Cleveland Jewish News, Aug. 25, 2002
By MARILYN H. KARFELD
Notorious Holocaust denier and British historian David Irving, who lost a libel suit in April 2000 that he brought in England against Emory University Prof. Deborah Lipstadt, is coming to Cleveland again.
Irving’s appearances are usually shrouded in secrecy. But reached at the toll-free number listed on his Web site, Irving confirmed that he would speak at 6 p.m. at 22001 Brookpark Road, near the airport.
The address belongs to an American Legion Hall, which has been rented by David Daams from 6 to 11 p.m. for an American Veterans History Conference, a Legion representative told the CJN.
However, Daams denied that he rented the hall or arranged the meeting. Information about the conference was “only going out to a select group of people,” Daams said, referring questions to Erich Gliebe, the new head of the National Alliance.
Gliebe, the longtime head of the Cleveland unit of the white supremacist group, was promoted to the top job after the July death of founder William Pierce. At publication time, Gliebe, who maintains a home in North Royalton, had not returned a CJN phone call.
Irving, who has a home in Key West and runs a book publishing business in London, travels around the U.S. to raise money and sell his books, says Mark Pitcavage, director of fact-finding for the Anti-Defamation League.
Irving will hold his fourth annual conference on “Real History” Aug. 30-Sept 2 at Greater Cincinnati Airport Marriott. Attending the conference costs a single adult $420 plus the hotel charges.
The speakers scheduled at the “Real History” conference will discuss a variety of conspiracy theories about Sept. 11, Irving’s Web site said. Typically, such theories charge that the Mossad, the Israeli intelligence organization, working with U.S. agents, were responsible for the World Trade Center tragedy, says Pitcavage.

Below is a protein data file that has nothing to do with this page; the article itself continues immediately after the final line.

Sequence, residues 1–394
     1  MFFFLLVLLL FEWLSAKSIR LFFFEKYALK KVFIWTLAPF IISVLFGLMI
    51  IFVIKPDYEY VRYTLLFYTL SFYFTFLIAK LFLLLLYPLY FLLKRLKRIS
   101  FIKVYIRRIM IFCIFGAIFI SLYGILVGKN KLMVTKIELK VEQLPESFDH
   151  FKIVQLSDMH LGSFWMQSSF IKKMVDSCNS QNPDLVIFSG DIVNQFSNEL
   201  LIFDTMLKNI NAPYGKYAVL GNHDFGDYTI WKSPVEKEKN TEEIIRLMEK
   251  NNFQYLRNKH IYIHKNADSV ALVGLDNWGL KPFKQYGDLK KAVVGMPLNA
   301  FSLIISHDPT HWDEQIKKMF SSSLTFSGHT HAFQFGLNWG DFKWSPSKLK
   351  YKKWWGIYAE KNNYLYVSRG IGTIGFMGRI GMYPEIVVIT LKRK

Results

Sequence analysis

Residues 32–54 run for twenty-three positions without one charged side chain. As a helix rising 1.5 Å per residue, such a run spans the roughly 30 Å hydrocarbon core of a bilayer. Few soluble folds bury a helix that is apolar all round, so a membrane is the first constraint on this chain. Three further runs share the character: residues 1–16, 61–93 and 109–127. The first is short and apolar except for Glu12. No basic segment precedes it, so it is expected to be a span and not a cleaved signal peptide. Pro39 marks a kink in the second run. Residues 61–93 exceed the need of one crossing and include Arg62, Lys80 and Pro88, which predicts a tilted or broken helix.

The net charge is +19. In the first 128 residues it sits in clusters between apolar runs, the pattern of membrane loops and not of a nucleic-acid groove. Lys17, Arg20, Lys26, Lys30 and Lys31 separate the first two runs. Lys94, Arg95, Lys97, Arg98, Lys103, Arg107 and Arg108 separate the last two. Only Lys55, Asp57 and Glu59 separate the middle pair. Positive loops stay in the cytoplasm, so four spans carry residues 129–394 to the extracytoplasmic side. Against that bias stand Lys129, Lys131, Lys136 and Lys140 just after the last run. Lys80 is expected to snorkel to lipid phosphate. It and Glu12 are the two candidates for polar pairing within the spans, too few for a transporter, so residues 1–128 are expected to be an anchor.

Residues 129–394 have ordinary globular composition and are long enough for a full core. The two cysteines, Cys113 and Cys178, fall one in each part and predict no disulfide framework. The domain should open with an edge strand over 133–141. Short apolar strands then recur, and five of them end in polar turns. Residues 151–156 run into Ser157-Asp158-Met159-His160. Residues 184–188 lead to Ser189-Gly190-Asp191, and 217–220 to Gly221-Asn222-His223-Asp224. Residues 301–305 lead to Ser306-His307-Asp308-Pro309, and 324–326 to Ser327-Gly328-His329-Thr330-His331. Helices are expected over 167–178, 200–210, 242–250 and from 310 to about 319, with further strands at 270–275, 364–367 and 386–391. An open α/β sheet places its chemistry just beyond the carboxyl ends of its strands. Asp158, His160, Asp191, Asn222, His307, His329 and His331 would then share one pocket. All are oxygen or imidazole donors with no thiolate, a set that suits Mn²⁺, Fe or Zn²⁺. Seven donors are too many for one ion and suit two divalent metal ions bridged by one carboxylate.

Other appearing at the Cincinnati conference will talk about the Holocaust. For instance, Dr. Robert Countess will dispute a witness for Lipstadt who detailed operations at the Auschwitz gas chamber.
Secrecy is important to right-wing radicals like Irving, because “extremism thrives in the darkness, where it can communicate its message with no opposing viewpoints,” Pitcavage says. He described Irving as particularly “pernicious” because he is highly intelligent and communicates well.
At secret meetings, “there’s nobody debunking their conspiracy theories or extreme claims, no one to provide a dose of common sense,” Pitcavage adds. “The ADL likes to shine a light on that, so everybody can see it for what it really is.”
Irving sued Lipstadt and her publisher, Penguin, because he said her book, Denying the Holocaust–the Growing Assault on Truth and Memory, damaged his reputation as a historian. In her book, Lipstadt described Irving as a “one of the most dangerous spokespersons for Holocaust denial.”
Irving does not deny that the Nazis killed Jews, but he insists that only a small number were murdered and that Hitler didn’t know about it.
In his ruling, London High Court Judge Charles Gray found the allegations true that Irving was a “racist, an anti-Semite, an active Holocaust denier, who associates with right-wing extremists.”
Irving is liable for the costs of the suit–an estimated 2 million British pounds–including Lipstadt’s defense costs. After losing his suit, Irving declared bankruptcy.
We appreciate your support
Our website includes affiliate links, which means we get a small commission — at no additional cost to you — for each qualifying purpose. For instance, as an Amazon Associate Religion News Blog earns from qualifying purchases. That is one reason why we can provide this service free of charge.